HTTP: Future Use
Web sites and services rely on standard HTTP response codes to indicate that a request has succeeded or failed. The fact that you’re reading this page means that you’ve already experienced a 200 response, indicating that everything worked OK. You’ve likely also seen lots of 404 responses, which indicate a page or resource could not be found. A good example of a 404 would be this page about my 2014 Nobel Prize for Literature.
What if, in addition to responding to 200s, 404s, 401 (unauthorized), 403 (forbidden), and 405 (not allowed), web browsers made it possible for sites to send the nascent 402 HTTP response code: Payment Required. The spec says this code is reserved for future use. Friends, I’m here to tell you that we’re living in the future, and it’s time to figure this out.
Let’s Go Shopping!
We already have models for this, and it isn’t hard to imagine how this might work. Let’s consider a few. First, take the Kindle Store. Here you have a plain old web site that lets you easily search for and explore book titles. At the point where you want to read one, you are presented with a Buy now with 1-click button. Clicking it does just what it says, and suddenly, instead of being denied access to that book’s content, you can read it.
Another example is Netflix. In order to access any of its movies and television shows, I have to pay to access all of it. This is a common model based on subscriptions vs. purchasing individual items (consider Netflix vs. the iTunes Store). It hardly seems worth explaining how this works, but for completeness: one creates an account, including credit card info, and is then able to access content hosted on the site. Content which having been paid for by me, is delivered free from ads.
That extra step of requesting credit card or payment info from a user is what’s really changed in recent years. Today, when you start using an Apple computer or iPhone, or when you want to use iTunes or Google Play, you are asked right away to enter your payment (e.g., credit card) details. In doing so you’re establishing upfront your ability to purchase, rent, subscribe, etc. content and services accessed via this computer, phone, and app. The economic realities and potential of the platform is established right away.
Beyond Search: (Micro)payments
In the same way that browsers baked search and search engines into the experience long ago, so too could payment providers be added. Imagine if I could set my browser so that it was configured to use my Visa, PayPal, Stripe, or whatever payment processor I chose. Next, give content providers a simple way to indicate that resources at the other end of a URL have a cost structure. When a site responds with a 402 HTTP response, what if it could include enough extra info to allow my browser to present me with transaction options for getting to the content? Then my browser can do more than just inform me that I’ve been blocked from accessing the content: it could work with the remote site to broker a transaction, and allow me as a user to simply click a button and pay for access.
Apple’s App Store and Google Play have proven that people are willing to pay small amounts for content, so the argument that no one will pay if you ask is old and tired. What these stores have also shown us is that by making the transactions easy, understandable, and centrally administered, users can and do build trust in order to participate in the market.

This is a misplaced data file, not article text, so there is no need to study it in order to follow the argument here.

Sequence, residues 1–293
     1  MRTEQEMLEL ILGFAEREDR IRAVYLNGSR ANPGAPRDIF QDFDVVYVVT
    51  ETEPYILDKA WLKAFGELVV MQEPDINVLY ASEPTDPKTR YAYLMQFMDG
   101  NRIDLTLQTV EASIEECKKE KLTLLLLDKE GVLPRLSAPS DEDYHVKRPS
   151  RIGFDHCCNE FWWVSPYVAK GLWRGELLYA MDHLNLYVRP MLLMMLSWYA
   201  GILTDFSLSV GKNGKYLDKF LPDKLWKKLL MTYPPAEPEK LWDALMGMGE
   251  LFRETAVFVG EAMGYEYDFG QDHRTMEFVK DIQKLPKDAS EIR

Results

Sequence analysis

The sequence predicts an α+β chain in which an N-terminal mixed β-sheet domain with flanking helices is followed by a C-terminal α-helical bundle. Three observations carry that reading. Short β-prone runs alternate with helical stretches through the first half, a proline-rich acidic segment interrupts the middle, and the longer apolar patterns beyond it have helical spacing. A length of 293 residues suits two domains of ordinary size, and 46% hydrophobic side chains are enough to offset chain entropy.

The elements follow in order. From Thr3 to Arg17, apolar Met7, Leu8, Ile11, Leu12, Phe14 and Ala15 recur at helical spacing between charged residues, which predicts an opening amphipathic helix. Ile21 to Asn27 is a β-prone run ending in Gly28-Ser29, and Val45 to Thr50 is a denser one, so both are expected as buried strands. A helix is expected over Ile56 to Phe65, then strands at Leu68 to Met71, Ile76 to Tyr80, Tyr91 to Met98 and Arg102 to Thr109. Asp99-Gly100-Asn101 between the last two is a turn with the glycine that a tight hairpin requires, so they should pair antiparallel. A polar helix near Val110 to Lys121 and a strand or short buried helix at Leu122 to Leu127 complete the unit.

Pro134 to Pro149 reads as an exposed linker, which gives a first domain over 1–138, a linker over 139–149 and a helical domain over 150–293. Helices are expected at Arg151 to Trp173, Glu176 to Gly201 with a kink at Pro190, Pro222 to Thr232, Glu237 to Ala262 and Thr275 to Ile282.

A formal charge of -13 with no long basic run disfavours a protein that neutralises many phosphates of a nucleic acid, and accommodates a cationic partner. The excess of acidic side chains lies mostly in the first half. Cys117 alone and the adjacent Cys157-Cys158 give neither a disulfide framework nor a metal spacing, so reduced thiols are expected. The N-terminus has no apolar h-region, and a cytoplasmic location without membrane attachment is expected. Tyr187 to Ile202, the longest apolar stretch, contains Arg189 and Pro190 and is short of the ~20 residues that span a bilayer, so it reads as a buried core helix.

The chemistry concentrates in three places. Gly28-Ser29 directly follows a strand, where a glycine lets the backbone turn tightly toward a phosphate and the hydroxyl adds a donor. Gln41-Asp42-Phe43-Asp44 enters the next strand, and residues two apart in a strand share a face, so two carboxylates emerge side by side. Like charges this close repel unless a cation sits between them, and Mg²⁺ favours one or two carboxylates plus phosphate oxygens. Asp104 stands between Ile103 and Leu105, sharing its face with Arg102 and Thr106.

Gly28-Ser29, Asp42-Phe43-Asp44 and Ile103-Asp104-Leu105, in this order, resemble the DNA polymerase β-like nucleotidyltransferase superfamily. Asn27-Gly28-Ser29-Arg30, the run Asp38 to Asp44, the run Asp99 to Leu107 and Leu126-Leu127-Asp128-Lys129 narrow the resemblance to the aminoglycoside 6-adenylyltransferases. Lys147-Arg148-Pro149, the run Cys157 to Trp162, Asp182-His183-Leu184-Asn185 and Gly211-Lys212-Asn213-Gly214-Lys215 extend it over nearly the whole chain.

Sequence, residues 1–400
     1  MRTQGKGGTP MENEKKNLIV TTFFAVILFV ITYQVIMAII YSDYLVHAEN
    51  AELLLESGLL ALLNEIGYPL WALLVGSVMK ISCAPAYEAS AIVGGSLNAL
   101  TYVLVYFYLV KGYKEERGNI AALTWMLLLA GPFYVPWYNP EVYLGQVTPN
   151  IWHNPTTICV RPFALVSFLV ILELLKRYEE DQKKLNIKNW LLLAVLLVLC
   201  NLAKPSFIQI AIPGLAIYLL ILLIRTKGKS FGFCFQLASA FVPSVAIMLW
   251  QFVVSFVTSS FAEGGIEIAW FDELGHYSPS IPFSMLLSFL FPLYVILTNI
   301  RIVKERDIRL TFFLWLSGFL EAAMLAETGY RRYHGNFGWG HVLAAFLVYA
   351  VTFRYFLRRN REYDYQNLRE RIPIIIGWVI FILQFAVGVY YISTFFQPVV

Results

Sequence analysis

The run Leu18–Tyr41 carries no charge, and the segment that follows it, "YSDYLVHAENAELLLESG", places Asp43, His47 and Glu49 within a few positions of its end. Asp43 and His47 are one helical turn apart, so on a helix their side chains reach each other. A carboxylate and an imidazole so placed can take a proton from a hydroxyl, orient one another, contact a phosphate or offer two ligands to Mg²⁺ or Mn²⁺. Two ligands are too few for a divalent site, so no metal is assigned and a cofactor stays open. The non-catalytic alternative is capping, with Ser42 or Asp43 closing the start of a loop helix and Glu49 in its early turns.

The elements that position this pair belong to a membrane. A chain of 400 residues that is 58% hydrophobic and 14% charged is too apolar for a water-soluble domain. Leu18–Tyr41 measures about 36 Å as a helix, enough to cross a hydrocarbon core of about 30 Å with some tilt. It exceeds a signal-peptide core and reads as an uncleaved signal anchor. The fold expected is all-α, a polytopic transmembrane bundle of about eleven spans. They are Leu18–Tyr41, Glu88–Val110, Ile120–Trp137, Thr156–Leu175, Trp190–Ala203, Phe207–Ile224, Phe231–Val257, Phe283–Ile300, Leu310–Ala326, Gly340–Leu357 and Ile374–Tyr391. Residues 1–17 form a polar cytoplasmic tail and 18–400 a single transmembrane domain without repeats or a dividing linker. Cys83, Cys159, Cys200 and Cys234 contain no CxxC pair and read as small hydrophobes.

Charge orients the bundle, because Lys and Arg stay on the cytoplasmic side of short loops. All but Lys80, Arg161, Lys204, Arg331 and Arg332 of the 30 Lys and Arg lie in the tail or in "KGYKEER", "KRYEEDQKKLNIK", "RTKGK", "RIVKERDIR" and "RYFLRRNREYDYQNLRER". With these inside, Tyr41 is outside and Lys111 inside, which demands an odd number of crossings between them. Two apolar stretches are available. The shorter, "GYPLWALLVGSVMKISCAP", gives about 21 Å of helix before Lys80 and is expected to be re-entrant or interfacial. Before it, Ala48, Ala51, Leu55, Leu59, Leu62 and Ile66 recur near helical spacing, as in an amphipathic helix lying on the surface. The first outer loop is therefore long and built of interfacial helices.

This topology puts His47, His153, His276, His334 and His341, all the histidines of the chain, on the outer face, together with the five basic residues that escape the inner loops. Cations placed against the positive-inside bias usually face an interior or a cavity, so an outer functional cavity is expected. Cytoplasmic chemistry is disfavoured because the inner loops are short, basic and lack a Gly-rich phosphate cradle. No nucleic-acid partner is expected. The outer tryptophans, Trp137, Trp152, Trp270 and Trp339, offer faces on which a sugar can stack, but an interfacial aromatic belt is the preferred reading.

Imagine a user watches a movie on imaginary-movie-service.com, maybe it’s stored at imaginary-movie-service.com/movie/13413414545. Now they share that link, and you see it and decide that you’d like to watch it as well. You click the link, and imaginary-movie-service.com responds with a 402, which your browser sees and then presents you with the info you need in order to complete the transaction: paying $1.99 to rent it and watch during the coming days.
It’s interesting to ponder all the ways your browser could help here. Obviously some content is click-to-buy (a download), and other content is streamed (you’re renting), and some content would want a subscription (your whole blog vs. a single post). What about the complexities of charging taxes for people in different regions, or dealing with currency exchange rates? When the New York Times does all this for content behind its metered paywall, it does so with internal infrastructure, employees, and IT resources to which the web’s long tail doesn’t have access. But what if your User Agent really did act on your behalf in these cases, and also on behalf of the content creators?
People want to participate in the digital economy, and already do in a dozen different ways on mobile. We should do more to make it easy on the web. Of course not everything on the web needs to cost something, and I’m not arguing that every site charge for its content, and go behind paywalls. Much as Apple isn’t blocking ads by providing content filtering APIs, browsers can provide a way for sites and users to opt in to integrated payments — no one is forced to buy anything, but at least the transaction is finally an explicit choice for the user: as the size of the ad blocking controversy has revealed, we lean more toward the fee side of the web than we realize with bundled ads, and do so implicitly.
Browser vendors need to get ahead of this. At the time of writing, two of the top twelve paid apps in the Apple App Store are ad blockers: Purify Blocker (#7) and Crystal (#11). I’d love to see Mozilla especially take the lead here, and offer new and significant ways to do more than the browser’s current render vs not-render ads. For one, having integrated payments is a potential revenue stream in the same way that search engine defaults have been. Apple and Google make a lot of money brokering app store purchases (each takes a 30% cut), and the web has the potential to be the largest app store in the world, with the browser playing a central role in the transactions. There was a time when the “Buy” button was antithetical to the trajectory of the browser. I’m not so sure that’s the case anymore.
Thanks to Cassie McDaniel, who offered comment on this piece, as well as providing wireframes.